An Artisan-Made Reproduction Cape

Restoring this 18th-century Cape was a labor of love.

Banister-back chairs, each unique, are by Adam Mathews.  

Photos by Gridley + Graves

The New Jersey couple met when they were young—just 21 and 17. “I was still in high school, so I could only see Larry on weekends,” JoAnn Schopperth explains. A date for most people their age meant going to the shore or to a movie, but “we went antiquing and stopped at historic house museums.”

The couple wed after four years and extended their weekend sojourns to New England, where they stayed in 18th-century inns, toured colonial homes—and dreamed of someday buying one of their own. When the time came, though, buying a truly old house didn’t seem possible where they were looking. “There were no houses in our area old enough,” JoAnn says. And they felt that it would take an unreasonable amount of renovation to create a period look in a newer house. So they decided to build an old house.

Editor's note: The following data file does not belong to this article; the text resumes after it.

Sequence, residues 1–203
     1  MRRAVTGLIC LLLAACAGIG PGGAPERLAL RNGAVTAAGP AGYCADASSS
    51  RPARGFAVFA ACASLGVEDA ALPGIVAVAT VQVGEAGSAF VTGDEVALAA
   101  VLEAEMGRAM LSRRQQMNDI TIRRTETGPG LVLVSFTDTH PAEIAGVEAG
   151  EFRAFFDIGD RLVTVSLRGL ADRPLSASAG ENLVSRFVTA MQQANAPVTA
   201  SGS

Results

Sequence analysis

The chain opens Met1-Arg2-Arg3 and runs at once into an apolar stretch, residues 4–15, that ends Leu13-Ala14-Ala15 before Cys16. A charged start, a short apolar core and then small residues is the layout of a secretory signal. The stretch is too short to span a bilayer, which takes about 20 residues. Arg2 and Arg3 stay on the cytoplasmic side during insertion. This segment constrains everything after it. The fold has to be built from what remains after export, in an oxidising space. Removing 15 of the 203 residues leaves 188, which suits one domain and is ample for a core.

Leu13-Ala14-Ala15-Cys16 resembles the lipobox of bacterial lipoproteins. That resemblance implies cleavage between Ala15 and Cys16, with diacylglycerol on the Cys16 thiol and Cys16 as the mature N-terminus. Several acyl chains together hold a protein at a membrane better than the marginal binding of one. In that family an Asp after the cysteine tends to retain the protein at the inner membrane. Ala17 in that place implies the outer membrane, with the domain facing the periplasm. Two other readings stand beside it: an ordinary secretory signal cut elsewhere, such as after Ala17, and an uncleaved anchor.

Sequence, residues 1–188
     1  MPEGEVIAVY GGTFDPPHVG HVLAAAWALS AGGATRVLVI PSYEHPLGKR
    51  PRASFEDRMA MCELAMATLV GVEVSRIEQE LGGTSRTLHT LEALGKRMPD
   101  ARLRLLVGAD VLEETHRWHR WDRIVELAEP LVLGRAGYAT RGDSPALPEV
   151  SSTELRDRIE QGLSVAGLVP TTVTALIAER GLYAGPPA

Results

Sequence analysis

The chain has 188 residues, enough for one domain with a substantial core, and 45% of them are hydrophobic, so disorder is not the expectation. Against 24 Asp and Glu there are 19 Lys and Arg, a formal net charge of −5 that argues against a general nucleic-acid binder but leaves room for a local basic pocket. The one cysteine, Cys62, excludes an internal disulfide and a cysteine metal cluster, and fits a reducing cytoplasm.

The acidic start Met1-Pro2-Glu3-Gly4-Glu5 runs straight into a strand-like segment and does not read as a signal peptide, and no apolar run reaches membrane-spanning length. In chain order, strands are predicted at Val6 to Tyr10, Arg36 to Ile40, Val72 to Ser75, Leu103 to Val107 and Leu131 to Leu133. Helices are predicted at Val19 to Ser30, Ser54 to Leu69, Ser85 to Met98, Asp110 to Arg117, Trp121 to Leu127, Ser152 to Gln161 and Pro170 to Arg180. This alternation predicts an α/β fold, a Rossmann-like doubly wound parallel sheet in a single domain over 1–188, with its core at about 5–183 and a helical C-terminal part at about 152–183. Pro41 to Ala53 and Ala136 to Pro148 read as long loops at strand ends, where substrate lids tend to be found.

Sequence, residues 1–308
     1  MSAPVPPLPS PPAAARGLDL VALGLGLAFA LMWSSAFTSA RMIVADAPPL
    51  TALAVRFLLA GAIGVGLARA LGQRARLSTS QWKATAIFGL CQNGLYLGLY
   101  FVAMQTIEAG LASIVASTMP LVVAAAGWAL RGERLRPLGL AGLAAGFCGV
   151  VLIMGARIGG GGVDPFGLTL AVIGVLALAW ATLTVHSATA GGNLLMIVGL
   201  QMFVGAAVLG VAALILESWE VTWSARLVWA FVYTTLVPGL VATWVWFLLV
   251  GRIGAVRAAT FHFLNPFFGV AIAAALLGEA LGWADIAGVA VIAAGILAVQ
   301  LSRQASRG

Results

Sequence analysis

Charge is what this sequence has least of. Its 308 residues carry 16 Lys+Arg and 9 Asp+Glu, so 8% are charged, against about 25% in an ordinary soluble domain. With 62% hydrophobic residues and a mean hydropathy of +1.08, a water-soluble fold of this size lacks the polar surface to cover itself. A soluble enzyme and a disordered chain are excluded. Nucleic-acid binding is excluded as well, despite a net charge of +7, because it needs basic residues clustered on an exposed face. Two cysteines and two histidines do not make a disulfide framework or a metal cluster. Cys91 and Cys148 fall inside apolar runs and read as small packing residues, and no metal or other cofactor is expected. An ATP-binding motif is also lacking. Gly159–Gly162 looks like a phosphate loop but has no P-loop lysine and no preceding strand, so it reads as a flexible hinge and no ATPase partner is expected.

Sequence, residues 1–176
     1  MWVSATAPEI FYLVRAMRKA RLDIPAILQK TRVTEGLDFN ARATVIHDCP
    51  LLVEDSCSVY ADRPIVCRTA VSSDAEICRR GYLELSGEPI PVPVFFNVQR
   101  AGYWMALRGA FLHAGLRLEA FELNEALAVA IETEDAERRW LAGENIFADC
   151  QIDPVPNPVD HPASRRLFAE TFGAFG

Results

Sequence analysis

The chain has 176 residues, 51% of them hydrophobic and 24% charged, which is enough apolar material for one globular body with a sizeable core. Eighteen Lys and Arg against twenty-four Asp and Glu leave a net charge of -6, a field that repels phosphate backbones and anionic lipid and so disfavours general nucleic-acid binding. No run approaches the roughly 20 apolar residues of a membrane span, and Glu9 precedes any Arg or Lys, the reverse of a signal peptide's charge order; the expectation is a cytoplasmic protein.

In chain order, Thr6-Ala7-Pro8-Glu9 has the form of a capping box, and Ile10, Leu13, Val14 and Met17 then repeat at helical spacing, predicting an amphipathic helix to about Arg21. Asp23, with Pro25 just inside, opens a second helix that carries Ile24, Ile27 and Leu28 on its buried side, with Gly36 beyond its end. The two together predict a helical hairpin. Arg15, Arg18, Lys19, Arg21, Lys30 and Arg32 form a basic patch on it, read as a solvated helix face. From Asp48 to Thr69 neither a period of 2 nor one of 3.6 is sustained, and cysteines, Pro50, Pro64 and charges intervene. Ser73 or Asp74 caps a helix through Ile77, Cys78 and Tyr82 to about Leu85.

They bought property in Morris County, and found a house plan they liked in a magazine—a simple New England Cape. Larry redrew the plans, changing the structure, moving bathrooms, and designing a raised hearth between living and dining rooms. An electrician by trade, Larry planned to act as general contractor.

First the land had to be cleared, and they did it themselves. As the couple recounts this part of their story, they use phrases surely uttered centuries ago. They “broke ground” in 1975, “felled and cleared 200 trees,” even “dug rocks”—carved off by glaciers eons ago from the Ramapo Mountains. The rocks were set aside for the hearth. They had the house framed before winter, but hadn’t finished siding it because fastening the hand-split cedar shingles was labor intensive. They burned shingle fragments in tar buckets to warm their hands.

A black-painted mushroom bed.